Meanwhile, Robert has claims on the world title, and gets recognition here as world champion. That claim is challenged by Bobby Managoff, who sent a challenge, read in the ring, to meet the winner for that honor.

The three Baillargeon brothers, members of a family of six whose grocery bills you would hesitate to under-write, made their debut in a Montreal ring, all three won, and in so doing, showed a good deal of wrestling talent, plenty of bulging muscles, and a great deal of physical strength.

Brother Jean gave a fine display in beating tough Les Ryan, of Boston, using a head-hold which prompted Ryan to say “Uncle” or reasonable facsimile of same. Brother Adrien had too much power for Joe Christie, of Detroit, and pinned him with a body-press in 16:24.

Mayes McLain, the former All-American, a big, rugged chajp, gave the family most trouble.

He wrestled Paul, who has a head of hair like Samson possessed before Delilah clipped him and is a fine looking lad. They went at it hammer and tongs, Paul seeking continually for a body-scissors. When McLain got real tough, Paul gave him the old heave-ho right out of the ring and McLain landed with such a jolt that he couldn’t beat the count back to the ring.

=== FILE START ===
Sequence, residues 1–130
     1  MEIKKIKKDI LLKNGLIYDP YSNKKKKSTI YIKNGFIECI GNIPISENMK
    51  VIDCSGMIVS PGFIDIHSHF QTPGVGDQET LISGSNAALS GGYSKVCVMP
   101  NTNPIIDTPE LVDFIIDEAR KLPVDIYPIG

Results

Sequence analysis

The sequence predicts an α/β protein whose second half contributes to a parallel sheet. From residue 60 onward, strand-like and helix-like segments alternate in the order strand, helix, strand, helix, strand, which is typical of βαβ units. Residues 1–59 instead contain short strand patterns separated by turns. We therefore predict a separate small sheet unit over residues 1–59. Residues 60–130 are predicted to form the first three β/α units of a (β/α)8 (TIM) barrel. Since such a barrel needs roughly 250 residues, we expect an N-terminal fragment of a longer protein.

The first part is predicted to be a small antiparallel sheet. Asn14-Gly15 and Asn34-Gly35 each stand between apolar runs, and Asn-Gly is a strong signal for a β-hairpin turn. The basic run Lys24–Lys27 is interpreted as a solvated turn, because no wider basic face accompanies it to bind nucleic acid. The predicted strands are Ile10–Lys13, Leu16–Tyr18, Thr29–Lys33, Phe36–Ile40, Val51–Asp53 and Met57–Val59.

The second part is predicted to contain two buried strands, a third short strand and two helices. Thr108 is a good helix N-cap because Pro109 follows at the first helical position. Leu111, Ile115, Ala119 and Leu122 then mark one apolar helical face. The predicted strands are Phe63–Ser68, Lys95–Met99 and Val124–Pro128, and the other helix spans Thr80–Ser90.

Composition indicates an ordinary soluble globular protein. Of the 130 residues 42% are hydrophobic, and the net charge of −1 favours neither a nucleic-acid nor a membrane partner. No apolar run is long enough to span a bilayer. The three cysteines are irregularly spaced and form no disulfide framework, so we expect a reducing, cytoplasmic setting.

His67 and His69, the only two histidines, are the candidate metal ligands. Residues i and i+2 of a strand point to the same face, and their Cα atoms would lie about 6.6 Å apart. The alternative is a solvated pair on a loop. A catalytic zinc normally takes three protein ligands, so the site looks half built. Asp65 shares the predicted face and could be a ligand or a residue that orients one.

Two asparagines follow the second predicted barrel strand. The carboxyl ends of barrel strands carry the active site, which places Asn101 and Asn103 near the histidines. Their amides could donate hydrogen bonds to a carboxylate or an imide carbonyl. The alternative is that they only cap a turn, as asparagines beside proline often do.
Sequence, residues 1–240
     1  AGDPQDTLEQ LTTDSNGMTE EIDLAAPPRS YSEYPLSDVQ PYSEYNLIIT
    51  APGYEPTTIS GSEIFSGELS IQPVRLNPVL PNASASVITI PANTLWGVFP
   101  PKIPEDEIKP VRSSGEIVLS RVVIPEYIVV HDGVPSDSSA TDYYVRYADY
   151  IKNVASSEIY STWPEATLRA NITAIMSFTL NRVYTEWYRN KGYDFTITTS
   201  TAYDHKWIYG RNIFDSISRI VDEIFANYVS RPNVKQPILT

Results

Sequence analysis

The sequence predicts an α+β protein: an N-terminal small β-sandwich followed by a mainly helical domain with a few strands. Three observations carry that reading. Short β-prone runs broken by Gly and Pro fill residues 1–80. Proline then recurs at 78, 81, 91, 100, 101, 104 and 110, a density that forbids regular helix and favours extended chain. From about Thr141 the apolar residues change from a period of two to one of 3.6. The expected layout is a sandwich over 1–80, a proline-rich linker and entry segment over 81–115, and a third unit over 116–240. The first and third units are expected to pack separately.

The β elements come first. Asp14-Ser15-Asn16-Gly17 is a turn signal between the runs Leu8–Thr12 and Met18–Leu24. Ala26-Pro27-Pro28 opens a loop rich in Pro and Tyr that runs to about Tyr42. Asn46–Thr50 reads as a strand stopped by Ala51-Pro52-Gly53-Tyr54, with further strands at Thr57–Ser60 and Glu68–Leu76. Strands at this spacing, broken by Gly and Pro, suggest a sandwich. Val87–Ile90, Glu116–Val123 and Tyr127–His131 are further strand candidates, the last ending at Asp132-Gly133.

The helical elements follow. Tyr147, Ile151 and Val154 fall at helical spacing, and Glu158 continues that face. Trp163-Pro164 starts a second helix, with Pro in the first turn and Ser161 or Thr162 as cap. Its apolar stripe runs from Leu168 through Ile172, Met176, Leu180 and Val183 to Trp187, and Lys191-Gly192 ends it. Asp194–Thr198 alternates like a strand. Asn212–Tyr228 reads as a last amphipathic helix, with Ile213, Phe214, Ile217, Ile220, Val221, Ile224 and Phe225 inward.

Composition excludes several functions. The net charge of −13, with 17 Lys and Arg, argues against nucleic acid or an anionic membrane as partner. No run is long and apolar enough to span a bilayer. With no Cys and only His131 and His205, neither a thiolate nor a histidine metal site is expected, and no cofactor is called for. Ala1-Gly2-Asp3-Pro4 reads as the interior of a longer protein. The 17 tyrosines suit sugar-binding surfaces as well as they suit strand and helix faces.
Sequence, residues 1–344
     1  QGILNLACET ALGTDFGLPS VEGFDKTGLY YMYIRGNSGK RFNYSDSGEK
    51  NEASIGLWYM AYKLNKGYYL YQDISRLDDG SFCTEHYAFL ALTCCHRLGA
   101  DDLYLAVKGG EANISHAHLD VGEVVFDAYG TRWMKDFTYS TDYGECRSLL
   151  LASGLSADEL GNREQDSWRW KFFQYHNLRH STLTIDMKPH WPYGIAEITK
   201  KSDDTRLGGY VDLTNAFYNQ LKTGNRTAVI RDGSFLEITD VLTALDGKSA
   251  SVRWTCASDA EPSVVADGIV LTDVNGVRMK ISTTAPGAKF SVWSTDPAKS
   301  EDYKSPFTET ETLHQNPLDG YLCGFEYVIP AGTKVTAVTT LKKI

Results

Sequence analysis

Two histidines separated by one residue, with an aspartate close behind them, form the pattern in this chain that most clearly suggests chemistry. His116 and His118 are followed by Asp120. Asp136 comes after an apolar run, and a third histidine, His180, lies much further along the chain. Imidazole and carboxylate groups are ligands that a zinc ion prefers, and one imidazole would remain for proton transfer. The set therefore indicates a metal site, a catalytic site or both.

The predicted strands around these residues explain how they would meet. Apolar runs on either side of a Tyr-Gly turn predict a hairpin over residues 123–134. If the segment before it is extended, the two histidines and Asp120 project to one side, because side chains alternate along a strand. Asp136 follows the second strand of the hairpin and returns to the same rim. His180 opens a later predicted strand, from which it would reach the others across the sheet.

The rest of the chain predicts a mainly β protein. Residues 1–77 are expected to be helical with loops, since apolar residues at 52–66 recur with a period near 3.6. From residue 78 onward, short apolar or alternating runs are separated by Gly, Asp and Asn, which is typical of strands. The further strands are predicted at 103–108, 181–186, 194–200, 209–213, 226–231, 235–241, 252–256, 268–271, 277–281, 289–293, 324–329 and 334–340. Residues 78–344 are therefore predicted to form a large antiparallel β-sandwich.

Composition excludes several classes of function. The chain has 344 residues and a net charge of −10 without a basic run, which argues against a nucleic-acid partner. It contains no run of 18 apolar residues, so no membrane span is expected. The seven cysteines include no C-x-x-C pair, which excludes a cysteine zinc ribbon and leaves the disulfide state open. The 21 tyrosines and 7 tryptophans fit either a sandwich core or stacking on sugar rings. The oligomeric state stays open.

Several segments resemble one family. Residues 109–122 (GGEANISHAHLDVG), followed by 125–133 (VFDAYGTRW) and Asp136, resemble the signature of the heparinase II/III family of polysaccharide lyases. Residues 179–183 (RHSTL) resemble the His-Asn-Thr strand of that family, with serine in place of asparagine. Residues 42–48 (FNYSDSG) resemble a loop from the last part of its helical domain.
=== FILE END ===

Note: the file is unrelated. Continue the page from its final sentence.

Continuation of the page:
The three brothers are likely to be seen in action here again, soon.

Mat Prophet Now Idol Of Brooklyn Lassies

N.Y. Daily Mirror – April 27, 1939
By Dan Parker

There were cries of: “Hear, hear!” and “Bravo!” when Jim Londos pinned Abie Kashey, as predicted EXCLUSIVELY in the Mirror, Tuesday night in Newark, proving that our Kashey predictions are not only the nuts but are not to be sneezed at.

“How do you do it?” inquired Marian Byrnes and Alice Gallagher of 71-01 Colonial Road, Brooklyn. “We think you are wonderful. It was daring of you to pick Londos over Maurice LaChapelle. May we have your autograph and phone number?”

Daring to go through with a wrestling card on which we had not made a forecast, the Baltimore promoters found themselves with a riot on their hands Tuesday night. It was the species of riot known as Scheer Nonsense in Maryland, since only through the benevolence of Boxing Commissioner Stanley Scheer is such hokum tolerated.

The phony riot was staged by the Golden Tanker (in whose act the riot-ending known as 37-B and is used four times a week) and Jim Klinkstock, substituting without advance notice for King Kong. As usual, the Baltimore Police Department assisted in the riot and all the wrestlers on the supporting card got time and a half for overtime for contributing to it.

Commissioner Scheer issued a statement after the riot to the effect that this sort of thing has got to stop– “until the next show,” he added with a sly wink.

George Pencheff, who threw Maurice LaChapelle on the Baltimore card, did it again last night in Trenton. They’re after the Londos-Savoldi record for consecutive performances, surpassed only by Lou Gehrig’s.

Tonight in Boston, Gus Sonnenberg, miraculously recovered from the brain injuries that had him near death–well, he had a headache anyway–for several seconds after his recent encounter with his stablemate. Crusher Casey will tackle and throw Mayes McLain of Ye Olde Tank Corps. In another bout, the Great Westenberg, alias the Purple Shadow, will engage in a draw with Leo Numa, alias the Black Mask.